The information here is a guide and reflects only the views of Dr Slater, Prof. Fawcett and Dr Hodgkinson.
The appendix in is located in the lower part of the right side of the abdomen. It’s function remains a mystery, however it is apparent that humans can cope perfectly normally with out one. It very frequently becomes inflamed in people of all ages and its removal is one of the commonest operations performed.
The operation is usually done within 24 hours of the diagnosis of appendicitis having been made. Most commonly, the appendix is removed via keyhole (laparoscopic) surgery. This is done with three small cuts in the lower abdomen and a small telescope and long instruments are inserted. A tie is placed around the base of the appendix and it is removed. The operation takes anywhere from 10 minutes to an hour depending on how inflamed it is.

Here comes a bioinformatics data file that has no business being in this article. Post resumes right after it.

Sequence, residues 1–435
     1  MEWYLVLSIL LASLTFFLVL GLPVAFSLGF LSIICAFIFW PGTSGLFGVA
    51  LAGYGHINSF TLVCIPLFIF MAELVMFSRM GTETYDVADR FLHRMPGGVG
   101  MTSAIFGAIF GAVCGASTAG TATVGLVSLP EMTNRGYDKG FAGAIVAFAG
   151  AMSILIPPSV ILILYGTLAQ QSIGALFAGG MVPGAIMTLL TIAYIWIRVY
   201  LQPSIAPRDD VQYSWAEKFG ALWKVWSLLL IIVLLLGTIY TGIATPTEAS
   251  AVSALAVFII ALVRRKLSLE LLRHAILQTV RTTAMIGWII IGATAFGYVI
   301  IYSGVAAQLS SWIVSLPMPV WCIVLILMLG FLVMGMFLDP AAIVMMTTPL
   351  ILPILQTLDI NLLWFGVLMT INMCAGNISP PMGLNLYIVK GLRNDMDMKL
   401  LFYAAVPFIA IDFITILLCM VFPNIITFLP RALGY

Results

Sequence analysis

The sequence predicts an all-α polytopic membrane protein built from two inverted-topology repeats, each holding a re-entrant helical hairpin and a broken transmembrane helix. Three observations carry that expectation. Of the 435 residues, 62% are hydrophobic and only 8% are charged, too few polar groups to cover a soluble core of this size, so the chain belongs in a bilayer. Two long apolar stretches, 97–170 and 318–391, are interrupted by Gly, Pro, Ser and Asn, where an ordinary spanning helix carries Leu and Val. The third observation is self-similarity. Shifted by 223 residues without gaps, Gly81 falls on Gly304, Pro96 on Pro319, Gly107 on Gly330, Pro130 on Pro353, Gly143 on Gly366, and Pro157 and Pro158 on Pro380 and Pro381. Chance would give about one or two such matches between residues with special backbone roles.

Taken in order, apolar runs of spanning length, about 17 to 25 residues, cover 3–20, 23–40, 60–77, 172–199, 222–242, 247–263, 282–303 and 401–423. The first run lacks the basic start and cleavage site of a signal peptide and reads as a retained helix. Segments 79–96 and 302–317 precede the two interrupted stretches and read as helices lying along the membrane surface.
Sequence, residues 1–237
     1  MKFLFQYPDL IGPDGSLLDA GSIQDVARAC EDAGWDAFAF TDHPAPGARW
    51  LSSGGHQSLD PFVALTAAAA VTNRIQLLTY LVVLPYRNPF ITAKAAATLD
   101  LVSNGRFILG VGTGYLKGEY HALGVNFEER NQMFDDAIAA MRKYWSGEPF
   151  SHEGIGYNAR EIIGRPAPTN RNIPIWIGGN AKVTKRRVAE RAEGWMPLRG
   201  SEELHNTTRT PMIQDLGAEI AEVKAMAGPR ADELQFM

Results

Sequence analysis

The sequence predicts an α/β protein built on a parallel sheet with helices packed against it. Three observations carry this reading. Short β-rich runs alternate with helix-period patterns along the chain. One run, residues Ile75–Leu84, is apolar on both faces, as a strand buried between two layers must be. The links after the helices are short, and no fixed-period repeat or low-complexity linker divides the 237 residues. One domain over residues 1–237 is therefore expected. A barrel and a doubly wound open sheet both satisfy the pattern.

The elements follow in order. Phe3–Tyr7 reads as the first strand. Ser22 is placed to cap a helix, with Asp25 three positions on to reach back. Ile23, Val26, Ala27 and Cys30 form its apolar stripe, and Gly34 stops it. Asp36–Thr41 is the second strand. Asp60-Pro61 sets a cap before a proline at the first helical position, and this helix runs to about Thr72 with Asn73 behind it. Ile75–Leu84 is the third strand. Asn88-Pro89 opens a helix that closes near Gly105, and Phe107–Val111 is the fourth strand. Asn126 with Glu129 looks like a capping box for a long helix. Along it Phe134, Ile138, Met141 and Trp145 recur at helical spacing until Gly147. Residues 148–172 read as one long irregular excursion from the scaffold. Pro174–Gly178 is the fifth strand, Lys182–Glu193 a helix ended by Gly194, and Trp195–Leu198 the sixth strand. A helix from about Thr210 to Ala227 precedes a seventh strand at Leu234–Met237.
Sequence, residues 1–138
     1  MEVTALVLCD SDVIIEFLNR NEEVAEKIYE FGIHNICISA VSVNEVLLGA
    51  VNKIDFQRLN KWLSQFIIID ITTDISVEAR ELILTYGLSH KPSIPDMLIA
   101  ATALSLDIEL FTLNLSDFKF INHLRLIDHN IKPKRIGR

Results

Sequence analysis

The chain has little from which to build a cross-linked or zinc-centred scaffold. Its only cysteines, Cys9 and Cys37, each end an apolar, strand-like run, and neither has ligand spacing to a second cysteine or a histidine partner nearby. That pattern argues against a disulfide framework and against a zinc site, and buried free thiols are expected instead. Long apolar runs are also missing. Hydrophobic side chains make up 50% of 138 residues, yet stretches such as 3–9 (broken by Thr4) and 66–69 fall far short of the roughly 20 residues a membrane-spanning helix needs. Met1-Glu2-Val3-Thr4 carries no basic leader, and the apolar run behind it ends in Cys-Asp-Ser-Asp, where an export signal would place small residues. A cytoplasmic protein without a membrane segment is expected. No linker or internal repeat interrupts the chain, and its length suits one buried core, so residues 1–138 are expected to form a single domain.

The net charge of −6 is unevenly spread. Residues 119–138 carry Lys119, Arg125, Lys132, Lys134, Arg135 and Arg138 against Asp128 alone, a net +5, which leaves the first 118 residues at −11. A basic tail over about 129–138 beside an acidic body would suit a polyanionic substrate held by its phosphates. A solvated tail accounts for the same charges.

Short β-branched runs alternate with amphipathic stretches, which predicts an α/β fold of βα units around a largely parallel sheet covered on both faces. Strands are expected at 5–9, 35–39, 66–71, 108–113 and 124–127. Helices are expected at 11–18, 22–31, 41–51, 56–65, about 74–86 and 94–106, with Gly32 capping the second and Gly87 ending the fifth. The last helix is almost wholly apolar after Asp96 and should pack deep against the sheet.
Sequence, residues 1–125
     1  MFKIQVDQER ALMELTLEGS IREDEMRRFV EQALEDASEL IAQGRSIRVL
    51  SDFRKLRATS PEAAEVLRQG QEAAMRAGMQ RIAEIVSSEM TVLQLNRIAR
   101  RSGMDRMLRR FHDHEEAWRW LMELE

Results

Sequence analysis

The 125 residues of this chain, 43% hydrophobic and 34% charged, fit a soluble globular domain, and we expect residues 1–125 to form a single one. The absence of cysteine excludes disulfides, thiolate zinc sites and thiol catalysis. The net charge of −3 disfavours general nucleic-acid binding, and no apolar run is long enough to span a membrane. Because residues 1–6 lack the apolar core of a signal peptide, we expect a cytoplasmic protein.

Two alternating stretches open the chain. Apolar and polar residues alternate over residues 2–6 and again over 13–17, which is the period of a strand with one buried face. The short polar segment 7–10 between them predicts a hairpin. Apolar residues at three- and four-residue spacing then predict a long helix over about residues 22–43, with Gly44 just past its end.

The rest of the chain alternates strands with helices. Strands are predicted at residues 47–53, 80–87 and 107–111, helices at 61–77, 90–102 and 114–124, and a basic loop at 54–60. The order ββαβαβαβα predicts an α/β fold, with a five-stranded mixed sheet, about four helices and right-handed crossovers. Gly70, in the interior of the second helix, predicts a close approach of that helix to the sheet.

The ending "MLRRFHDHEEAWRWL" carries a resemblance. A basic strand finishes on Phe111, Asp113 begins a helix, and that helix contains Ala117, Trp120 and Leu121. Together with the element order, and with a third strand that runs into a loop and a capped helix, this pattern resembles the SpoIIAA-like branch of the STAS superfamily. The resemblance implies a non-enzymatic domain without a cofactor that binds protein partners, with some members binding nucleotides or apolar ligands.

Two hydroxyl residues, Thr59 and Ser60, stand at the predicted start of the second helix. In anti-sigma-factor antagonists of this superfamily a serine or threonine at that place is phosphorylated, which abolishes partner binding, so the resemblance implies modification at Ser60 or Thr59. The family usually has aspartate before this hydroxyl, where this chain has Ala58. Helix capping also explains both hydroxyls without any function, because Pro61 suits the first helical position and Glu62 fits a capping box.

Sometimes, the appendix cannot be removed by keyhole surgery and the surgeon will have to make an incision directly over the appendix to remove it. Common reasons for this are; burst appendix, bleeding that is difficult to control with keyhole surgery or if the appendix is in a difficult position and cannot be reached with the long instruments.
There is very little difference in the recovery time between the open and key- hole operations.
Occasionally the surgeon can find that something other than your appendix is causing your symptoms. The surgeon will then make a decision about what is best for your care. This may also require a larger incision.
Your surgeon will give you one or more doses of antibiotics depending on how inflamed your appendix is.
Complications after appendix operations are uncommon.